Finding an Unexpected Z80

A project log for Hacking the Brother WP-1250

Modifying a word processor/electronic typewriter from the 90s. Long term goal is to get this thing to load

furrysalamanderfurrysalamander 08/06/2019 at 23:190 Comments

On the top right corner of the board is a very interesting find: an HD64180ZP6!  According to Wikipedia (and the datasheet), it's a Z80 compatible processor (somewhat analogous with the Z180), with plenty of IO and a few serial interfaces.  Now we're talking!  In addition, the datasheet includes charts for all of the machine code and registers just in case there are any discrepancies we need to sort out.  With 18 data address lines, life was quite different from things like the ESP-32's serial memory.  Luckily, all of this means great things for what we can do to modify this typewriter.  Getting custom code running should be as simple as swapping out that mask ROM with something re-programmable, and making a dump of the ROM so we can reverse engineer the current firmware.  I've got a logic analyzer and some other tools that will be helpful for all of that.  

Now, for the other interesting find:

An HG62F gate array chip.  Now, this complicates a few things because there's no easy way to see inside and know what's going on, but I believe that it will simplify more.  If you look at the picture from last time (with some added notation):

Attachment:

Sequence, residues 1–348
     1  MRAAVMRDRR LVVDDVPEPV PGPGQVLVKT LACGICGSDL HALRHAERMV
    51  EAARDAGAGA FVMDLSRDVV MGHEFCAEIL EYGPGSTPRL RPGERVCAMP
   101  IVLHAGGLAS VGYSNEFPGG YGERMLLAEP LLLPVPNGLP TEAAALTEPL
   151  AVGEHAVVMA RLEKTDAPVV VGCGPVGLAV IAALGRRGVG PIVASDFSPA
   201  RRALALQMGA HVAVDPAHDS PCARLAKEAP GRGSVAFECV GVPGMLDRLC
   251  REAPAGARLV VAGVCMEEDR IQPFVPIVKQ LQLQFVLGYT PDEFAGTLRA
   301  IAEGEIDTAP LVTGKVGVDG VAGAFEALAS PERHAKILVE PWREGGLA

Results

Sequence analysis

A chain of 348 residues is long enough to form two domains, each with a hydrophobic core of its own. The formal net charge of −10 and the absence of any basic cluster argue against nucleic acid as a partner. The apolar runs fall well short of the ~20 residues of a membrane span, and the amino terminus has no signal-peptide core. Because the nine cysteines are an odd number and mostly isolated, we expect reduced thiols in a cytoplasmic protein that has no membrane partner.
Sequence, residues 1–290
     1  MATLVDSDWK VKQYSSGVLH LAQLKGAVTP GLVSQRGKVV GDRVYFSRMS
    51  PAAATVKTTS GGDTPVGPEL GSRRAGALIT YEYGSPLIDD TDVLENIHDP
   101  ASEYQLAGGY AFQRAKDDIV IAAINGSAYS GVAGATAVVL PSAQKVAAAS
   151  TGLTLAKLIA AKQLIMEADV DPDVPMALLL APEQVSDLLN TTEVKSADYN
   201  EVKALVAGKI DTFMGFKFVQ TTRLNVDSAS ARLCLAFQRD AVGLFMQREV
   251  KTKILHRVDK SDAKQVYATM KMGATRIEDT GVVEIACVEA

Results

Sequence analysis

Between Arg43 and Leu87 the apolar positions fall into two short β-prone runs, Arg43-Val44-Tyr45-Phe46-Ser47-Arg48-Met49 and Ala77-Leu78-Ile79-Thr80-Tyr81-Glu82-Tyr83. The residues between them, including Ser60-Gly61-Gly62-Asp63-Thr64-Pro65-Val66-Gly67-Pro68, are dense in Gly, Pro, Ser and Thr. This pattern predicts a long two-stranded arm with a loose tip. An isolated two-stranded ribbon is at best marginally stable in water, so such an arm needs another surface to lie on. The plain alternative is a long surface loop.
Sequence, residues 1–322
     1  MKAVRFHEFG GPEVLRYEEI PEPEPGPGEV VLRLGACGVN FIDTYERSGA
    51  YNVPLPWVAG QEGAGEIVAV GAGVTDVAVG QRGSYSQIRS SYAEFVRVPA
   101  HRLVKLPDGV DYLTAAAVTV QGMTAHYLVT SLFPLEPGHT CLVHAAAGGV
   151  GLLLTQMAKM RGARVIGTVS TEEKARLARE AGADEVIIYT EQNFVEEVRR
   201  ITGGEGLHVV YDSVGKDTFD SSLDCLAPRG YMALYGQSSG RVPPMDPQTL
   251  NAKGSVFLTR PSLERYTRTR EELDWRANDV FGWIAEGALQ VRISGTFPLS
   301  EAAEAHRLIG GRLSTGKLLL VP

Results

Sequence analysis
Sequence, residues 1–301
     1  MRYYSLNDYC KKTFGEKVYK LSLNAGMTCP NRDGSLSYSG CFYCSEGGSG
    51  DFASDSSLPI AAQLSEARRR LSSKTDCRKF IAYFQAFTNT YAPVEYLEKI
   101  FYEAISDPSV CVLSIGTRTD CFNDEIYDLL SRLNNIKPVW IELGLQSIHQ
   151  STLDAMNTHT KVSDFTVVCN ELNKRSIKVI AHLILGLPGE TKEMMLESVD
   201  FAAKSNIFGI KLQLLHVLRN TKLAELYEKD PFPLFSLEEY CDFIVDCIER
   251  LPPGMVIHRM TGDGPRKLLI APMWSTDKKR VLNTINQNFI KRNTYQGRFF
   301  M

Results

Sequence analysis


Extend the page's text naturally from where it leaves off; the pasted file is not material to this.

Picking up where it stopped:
It looks like the keyboard and the LCD get piped through the gate array before they make their way over to the CPU.  The keyboard runs through some resistor arrays before it gets all the way there, but I'm guessing that the gate array decodes the keyboard so I don't have to implement that in software.  I'd bet that something similar is going on with the LCD, both of which would be a nice surprise.  It will be interesting to see how much flexibility we have, and what we're stuck with.  

The flash chips and some DIP-32 sockets have been ordered from Digikey, and they should arrive on Friday.  In the meantime, I can start attempt to figure out how the CPU is communicating with the gate array, and that should give me a head start when it comes time to start writing my own firmware.